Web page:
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Microsoft should split up! Top analyst

EBay's doing it. Hewlett-Packard's doing it. So, how about Microsoft?

Microsoft investors would better off if the company split up into three, according to Colin Gillis, technology analyst at BGC Financial. In a note released Tuesday, Gillis writes:

"Given the recent announcement of HP's plan to split into two different businesses in a tax-free manner, it raises the issue that if Microsoft is unable to generate meaningful hardware sales, or reignite the PC market, that shareholder(s) may best be served by the company splitting into three businesses: hardware, software, and enterprise services."

Gillis anticipates the company's enterprise market to be strong while its hardware and consumer sales will continue to soften.

"You've got a relatively robust enterprise business, selling PCs and software into the corporate market [and] you've got a very well-respected cloud services business with Azure," Gillis told "Talking Numbers" in an interview. But he contrasts that with the company's other lines of business. "You have a very lackluster consumer business on the PC side. And then you've got a hardware business that's going to be dragging down results and is likely not to be profitable."

CEO Satya Nadella now has to ask himself if he can unlock value by separating the business, Gillis said. "If you are able to do so, you may allow each business to compete better in the marketplace."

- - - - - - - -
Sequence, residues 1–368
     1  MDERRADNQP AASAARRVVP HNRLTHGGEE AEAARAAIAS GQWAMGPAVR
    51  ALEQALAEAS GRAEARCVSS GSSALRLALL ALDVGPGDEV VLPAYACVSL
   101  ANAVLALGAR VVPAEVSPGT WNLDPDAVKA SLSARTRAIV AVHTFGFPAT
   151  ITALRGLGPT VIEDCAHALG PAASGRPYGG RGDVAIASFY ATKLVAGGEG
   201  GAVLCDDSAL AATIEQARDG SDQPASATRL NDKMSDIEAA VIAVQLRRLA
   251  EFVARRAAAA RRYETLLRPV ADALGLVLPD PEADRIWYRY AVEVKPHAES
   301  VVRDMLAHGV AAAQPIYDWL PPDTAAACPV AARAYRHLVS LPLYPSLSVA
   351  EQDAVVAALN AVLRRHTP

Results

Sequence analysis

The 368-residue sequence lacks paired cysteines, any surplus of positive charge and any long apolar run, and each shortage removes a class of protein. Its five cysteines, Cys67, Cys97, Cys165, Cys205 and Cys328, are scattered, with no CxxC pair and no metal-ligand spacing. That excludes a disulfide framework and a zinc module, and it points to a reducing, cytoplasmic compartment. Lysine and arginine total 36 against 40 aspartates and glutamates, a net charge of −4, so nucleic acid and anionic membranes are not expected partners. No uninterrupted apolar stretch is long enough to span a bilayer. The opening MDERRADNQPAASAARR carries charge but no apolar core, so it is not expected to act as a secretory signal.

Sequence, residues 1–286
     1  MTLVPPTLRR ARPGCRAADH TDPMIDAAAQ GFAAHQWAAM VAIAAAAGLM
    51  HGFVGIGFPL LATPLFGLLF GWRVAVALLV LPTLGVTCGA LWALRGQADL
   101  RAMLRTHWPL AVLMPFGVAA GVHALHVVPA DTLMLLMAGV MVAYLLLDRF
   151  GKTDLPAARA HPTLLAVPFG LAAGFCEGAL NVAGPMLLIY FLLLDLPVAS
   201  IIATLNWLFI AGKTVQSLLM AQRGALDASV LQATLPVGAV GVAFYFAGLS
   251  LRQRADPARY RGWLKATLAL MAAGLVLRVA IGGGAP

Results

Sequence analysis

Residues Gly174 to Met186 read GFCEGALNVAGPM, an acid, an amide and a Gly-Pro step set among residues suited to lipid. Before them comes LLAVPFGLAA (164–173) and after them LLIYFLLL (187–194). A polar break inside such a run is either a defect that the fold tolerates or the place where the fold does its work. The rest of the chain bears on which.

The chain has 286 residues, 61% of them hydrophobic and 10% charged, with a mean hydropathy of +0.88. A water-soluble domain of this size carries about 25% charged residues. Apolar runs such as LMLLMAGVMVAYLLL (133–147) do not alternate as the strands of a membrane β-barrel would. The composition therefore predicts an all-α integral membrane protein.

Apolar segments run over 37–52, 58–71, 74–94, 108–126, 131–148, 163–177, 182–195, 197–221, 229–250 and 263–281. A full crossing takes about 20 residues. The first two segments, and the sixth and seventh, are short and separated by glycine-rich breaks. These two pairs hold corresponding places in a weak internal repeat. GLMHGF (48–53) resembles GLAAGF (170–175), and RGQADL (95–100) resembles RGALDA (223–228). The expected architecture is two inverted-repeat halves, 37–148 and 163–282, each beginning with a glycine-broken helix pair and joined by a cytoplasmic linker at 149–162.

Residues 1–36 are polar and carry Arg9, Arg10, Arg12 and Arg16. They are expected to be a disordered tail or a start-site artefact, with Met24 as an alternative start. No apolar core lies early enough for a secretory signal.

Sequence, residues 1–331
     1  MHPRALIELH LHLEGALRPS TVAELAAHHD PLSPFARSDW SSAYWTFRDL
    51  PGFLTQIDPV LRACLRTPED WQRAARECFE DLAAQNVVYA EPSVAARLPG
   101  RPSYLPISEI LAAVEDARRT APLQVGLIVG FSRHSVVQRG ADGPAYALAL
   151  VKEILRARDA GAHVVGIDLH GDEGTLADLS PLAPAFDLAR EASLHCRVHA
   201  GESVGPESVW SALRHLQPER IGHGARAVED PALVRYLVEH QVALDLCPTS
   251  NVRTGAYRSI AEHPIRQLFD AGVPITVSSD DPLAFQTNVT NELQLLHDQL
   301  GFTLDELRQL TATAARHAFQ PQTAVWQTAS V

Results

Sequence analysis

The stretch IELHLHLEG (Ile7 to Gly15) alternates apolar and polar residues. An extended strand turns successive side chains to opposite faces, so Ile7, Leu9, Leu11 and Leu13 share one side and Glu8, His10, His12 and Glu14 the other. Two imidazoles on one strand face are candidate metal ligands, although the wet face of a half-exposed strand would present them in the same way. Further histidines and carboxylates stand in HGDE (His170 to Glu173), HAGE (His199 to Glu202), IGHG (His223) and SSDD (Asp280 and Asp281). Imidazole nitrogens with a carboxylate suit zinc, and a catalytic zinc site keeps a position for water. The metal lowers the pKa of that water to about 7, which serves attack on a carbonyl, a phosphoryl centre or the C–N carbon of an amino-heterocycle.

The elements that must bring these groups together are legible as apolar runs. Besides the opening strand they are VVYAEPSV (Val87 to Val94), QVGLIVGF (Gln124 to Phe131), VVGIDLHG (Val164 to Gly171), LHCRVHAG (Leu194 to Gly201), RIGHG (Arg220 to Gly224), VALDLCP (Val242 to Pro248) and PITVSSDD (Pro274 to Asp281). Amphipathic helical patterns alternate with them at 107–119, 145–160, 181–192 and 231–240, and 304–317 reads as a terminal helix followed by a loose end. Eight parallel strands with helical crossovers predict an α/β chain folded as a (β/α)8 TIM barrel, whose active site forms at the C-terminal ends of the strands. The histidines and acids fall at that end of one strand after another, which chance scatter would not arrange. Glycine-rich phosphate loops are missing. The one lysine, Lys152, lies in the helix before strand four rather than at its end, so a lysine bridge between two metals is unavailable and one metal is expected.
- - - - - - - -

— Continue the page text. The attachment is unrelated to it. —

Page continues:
Nadella's efforts to streamline the company may make splitting up Microsoft unnecessary, acknowledges Gillis. "If he can get the hardware sales to reboot and regain some momentum, then fine, you can keep the one-company strategy," he said. But if Microsoft continues to lose ground with the Xbox One, Windows mobile phones and Surface tablets, "then maybe it's time to take all of those units, bundle them together, and spin them out and let them fight on their own."

Though Gillis believes Microsoft is both a value and a yield play (its current dividend yield is about 2.8 percent), he sees a major risk to its business coming from Google's dominance of the mobile market with its Android operating system.

"You do have to be worried about the trends that are stacking up against Microsoft," Gillis said. "There are multiple threats coming in at Microsoft and thus that may drive part of the rationale to improve the urgency for them to split up."

To see the full "Talking Numbers" interview with Colin Gillis on Microsoft, watch the above video.

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